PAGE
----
Amongst the great interpreters of the past, Rubinstein appears to be available only reissues of historical recordings or on a DVD collection (Chopin, Grieg and Saint-SaŽns on DG Unitel 0734195). The Curzon/Fjeldstad version by which I came to know the Grieg Concerto, on a 10-inch stereo Decca LP, is currently available only in one of two multi-CD boxes. Perhaps Australian Eloquence would do us the favour of reissuing it on a single CD: the coupling with Franck and Schumann, as on its most recent Decca appearance, would be ideal. They already have one very good Grieg/Schumann coupling with Arrau and von Dohnanyi on 456 566 2 and there is a recommendable Anda/Kubelik version of the Grieg concerto coupled with Karajan’s Peer Gynt suites on European Eloquence 469 624 2.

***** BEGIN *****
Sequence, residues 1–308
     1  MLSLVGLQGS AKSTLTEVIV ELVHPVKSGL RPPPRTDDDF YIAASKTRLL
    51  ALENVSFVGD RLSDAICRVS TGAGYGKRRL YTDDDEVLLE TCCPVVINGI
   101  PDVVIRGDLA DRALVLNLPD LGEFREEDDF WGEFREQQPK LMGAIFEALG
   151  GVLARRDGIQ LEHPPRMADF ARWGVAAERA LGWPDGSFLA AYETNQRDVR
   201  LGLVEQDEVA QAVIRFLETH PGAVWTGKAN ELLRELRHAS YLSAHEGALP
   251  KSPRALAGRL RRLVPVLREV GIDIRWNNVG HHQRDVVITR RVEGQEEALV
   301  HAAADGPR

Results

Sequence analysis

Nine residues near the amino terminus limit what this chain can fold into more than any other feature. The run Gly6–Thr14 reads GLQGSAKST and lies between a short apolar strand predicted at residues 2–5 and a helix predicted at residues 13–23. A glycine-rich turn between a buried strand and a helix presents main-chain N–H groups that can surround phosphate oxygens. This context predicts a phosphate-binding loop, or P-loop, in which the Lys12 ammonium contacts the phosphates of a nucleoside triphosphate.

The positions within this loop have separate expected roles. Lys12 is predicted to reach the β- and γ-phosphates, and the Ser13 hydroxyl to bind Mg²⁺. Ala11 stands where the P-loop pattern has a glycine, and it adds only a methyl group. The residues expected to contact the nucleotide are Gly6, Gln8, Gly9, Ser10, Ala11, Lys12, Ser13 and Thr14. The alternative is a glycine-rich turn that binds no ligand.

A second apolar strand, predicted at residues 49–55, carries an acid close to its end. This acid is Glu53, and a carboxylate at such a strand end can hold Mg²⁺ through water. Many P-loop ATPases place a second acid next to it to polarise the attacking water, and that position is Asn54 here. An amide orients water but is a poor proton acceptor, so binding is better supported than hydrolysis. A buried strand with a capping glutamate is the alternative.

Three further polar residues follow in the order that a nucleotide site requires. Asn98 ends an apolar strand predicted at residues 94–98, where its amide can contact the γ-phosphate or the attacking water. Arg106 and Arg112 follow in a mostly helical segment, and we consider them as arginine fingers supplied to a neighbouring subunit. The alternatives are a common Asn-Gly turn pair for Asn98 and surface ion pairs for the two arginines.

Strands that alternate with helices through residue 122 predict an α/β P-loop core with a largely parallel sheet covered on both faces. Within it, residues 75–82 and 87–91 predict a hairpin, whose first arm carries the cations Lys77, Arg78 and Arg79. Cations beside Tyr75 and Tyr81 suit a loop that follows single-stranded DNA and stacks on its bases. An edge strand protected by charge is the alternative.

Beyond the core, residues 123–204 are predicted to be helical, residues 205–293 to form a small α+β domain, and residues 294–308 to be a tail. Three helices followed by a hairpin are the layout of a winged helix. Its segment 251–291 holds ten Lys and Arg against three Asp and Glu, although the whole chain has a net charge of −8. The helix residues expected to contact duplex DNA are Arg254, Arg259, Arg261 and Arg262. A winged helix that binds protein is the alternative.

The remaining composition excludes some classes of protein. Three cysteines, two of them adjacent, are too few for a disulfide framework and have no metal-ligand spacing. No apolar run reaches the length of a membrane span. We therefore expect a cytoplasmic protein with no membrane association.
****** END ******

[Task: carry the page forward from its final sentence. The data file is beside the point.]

The danger of having carried one version in one’s head, as it were, for 45 years, is that it comes to be regarded as the ideal to which all others must conform. In the case of the Grieg Concerto, however, there is little danger of this, since no two versions, even among the best I have heard, ever sound alike. Similar considerations apply to Vivaldi’s Four Seasons: far from being ‘fixed’ on the first version which I heard, from MŁnchinger on Ace of Clubs, which would hardly pass muster today but seemed the bee’s knees then, I find it very difficult to recommend one version among the many fine but very different interpretations I have heard. 

If pressed, I should have to recommend the Kovacevich/Davis version of the Grieg and Schumann Concertos as the best available: see Rob Barnett’s Musicweb review; since that review in 2001 this CD has undergone yet another transmogrification, still available on 464 702 2 and on an earlier Philips Solo version, 446 199 2, now also on Philips Originals, 475 7773 - the number listed in the Penguin Guide Yearbook appears to be incorrect. This version of the Grieg Concerto is also available on a 2-CD Philips Duo with the Peer Gynt suites, under Leppard (438 380 2).